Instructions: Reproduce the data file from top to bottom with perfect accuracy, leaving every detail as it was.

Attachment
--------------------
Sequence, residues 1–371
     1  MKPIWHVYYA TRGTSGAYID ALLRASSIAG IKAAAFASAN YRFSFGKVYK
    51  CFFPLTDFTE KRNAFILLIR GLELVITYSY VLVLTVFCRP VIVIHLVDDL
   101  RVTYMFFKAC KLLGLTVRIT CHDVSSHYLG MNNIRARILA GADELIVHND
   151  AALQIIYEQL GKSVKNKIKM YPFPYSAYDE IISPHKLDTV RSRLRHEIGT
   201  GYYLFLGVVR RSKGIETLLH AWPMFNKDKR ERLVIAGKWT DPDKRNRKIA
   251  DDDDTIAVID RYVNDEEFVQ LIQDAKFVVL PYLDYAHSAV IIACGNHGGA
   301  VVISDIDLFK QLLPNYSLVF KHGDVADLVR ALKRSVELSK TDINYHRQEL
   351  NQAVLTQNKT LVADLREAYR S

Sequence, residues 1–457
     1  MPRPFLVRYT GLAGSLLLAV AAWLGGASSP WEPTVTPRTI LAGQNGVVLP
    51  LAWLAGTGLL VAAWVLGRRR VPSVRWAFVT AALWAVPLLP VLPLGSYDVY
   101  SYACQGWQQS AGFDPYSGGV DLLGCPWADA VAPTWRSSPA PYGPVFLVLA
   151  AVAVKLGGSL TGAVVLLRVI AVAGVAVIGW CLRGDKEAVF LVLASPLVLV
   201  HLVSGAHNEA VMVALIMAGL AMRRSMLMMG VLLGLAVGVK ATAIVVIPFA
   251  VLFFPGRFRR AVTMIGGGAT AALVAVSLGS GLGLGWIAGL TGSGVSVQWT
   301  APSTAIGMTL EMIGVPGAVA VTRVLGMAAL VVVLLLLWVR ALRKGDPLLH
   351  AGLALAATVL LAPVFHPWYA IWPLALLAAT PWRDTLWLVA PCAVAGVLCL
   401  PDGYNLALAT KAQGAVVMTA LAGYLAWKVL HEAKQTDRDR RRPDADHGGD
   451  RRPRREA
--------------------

Sequence, residues 1–371
     1  MKPIWHVYYA TRGTSGAYID ALLRASSIAG IKAAAFASAN YRFSFGKVYK
    51  CFFPLTDFTE KRNAFILLIR GLELVITYSY VLVLTVFCRP VIVIHLVDDL
   101  RVTYMFFKAC KLLGLTVRIT CHDVSSHYLG MNNIRARILA GADELIVHND
   151  AALQIIYEQL GKSVKNKIKM YPFPYSAYDE IISPHKLDTV RSRLRHEIGT
   201  GYYLFLGVVR RSKGIETLLH AWPMFNKDKR ERLVIAGKWT DPDKRNRKIA
   251  DDDDTIAVID RYVNDEEFVQ LIQDAKFVVL PYLDYAHSAV IIACGNHGGA
   301  VVISDIDLFK QLLPNYSLVF KHGDVADLVR ALKRSVELSK TDINYHRQEL
   351  NQAVLTQNKT LVADLREAYR S

Sequence, residues 1–457
     1  MPRPFLVRYT GLAGSLLLAV AAWLGGASSP WEPTVTPRTI LAGQNGVVLP
    51  LAWLAGTGLL VAAWVLGRRR VPSVRWAFVT AALWAVPLLP VLPLGSYDVY
   101  SYACQGWQQS AGFDPYSGGV DLLGCPWADA VAPTWRSSPA PYGPVFLVLA
   151  AVAVKLGGSL TGAVVLLRVI AVAGVAVIGW CLRGDKEAVF LVLASPLVLV
   201  HLVSGAHNEA VMVALIMAGL AMRRSMLMMG VLLGLAVGVK ATAIVVIPFA
   251  VLFFPGRFRR AVTMIGGGAT AALVAVSLGS GLGLGWIAGL TGSGVSVQWT
   301  APSTAIGMTL EMIGVPGAVA VTRVLGMAAL VVVLLLLWVR ALRKGDPLLH
   351  AGLALAATVL LAPVFHPWYA IWPLALLAAT PWRDTLWLVA PCAVAGVLCL
   401  PDGYNLALAT KAQGAVVMTA LAGYLAWKVL HEAKQTDRDR RRPDADHGGD
   451  RRPRREA